The Effect of Medicaid Disease Management Programs on Medicaid Expenditures
No. of downloads: 817
No. of downloads: 817
MetadataShow full item record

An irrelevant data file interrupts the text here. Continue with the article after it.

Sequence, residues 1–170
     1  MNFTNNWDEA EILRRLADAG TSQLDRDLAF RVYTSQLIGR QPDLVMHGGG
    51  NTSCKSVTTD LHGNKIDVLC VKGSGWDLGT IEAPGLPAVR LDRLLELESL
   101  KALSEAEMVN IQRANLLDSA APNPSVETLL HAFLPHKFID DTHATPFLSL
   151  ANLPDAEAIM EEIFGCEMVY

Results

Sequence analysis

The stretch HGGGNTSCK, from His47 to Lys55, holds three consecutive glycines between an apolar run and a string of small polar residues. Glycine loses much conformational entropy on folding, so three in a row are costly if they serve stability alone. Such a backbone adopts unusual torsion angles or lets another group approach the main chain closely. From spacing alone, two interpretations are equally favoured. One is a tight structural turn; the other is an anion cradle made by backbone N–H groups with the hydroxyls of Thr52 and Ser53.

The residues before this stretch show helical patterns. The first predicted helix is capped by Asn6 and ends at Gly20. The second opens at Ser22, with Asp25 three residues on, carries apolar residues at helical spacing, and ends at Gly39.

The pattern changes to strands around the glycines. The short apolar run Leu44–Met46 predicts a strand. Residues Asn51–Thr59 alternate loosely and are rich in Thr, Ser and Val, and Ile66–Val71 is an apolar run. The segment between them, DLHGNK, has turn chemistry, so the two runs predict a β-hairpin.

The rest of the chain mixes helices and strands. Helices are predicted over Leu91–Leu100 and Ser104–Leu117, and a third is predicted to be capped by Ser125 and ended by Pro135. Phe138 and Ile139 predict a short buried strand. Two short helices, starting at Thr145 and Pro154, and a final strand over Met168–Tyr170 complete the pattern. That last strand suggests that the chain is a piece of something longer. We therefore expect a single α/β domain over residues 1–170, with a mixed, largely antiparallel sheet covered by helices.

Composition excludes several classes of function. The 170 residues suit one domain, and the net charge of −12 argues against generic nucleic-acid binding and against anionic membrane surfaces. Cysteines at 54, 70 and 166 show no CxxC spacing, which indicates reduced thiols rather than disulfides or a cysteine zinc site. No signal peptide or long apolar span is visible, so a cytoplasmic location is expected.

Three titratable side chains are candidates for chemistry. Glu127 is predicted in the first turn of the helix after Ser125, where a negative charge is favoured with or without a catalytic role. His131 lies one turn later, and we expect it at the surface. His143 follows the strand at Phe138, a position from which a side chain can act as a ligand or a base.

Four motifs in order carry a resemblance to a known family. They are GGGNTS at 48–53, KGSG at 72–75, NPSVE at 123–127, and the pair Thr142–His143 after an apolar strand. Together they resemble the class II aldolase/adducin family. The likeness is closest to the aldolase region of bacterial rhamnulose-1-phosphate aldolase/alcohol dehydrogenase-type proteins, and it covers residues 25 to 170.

Disease Management (DM) programs for Medicaid patients with chronic diseases have become very popular, with a majority of states having introduced some type of DM program in the last decade. These programs provide interventions designed to assist patients and their health care providers appropriately manage their chronic health condition(s) according to established clinical guidelines. Cost-containment has been a key justification for the creation of DM programs, despite mixed evidence that DM actually saves money for the Medicaid program or for society as a whole. While most studies on the impact of DM focus on estimating the impact of a single DM program, Chapter 2 estimates the average, national impact of state Medicaid DM programs by linking a detailed survey of state Medicaid programs to the nationally representative Medical Panel Expenditure Survey. Difference-in-difference models are used to test the hypothesis that medical expenditures change after a DM program is implemented, exploiting variation in the timing at which state Medicaid programs implemented DM programs. DM coverage also varies within states over time due to variation in program eligibility by disease, insurance category, and/or county of residence. Although the models estimate the effect of DM imprecisely, point estimates are stable across multiple specifications and indicate that DM programs for common chronic diseases may decrease total medical expenditures, potentially by 10 percent or more. Chapter 3 evaluates one DM program in the state of Georgia using a proprietary data set. By exploiting a natural experiment that delayed the introduction of high-intensity services for several thousand high and moderate risk patients, the research identifies the causal impacts of the program's interventions on total Medicaid expenditures, categories of health care utilization, and other indicators. These patients are observationally similar to those who received interventions at the beginning of the program. For example, I find the interventions lowered health costs and hospital utilization, after controlling for unobservable individual characteristics. Health expenditures were lowered about 4.4 percent for patients with positive expenditures. Heterogeneous treatment effect analysis indicates that the savings were largest at the most expensive tail of the distribution.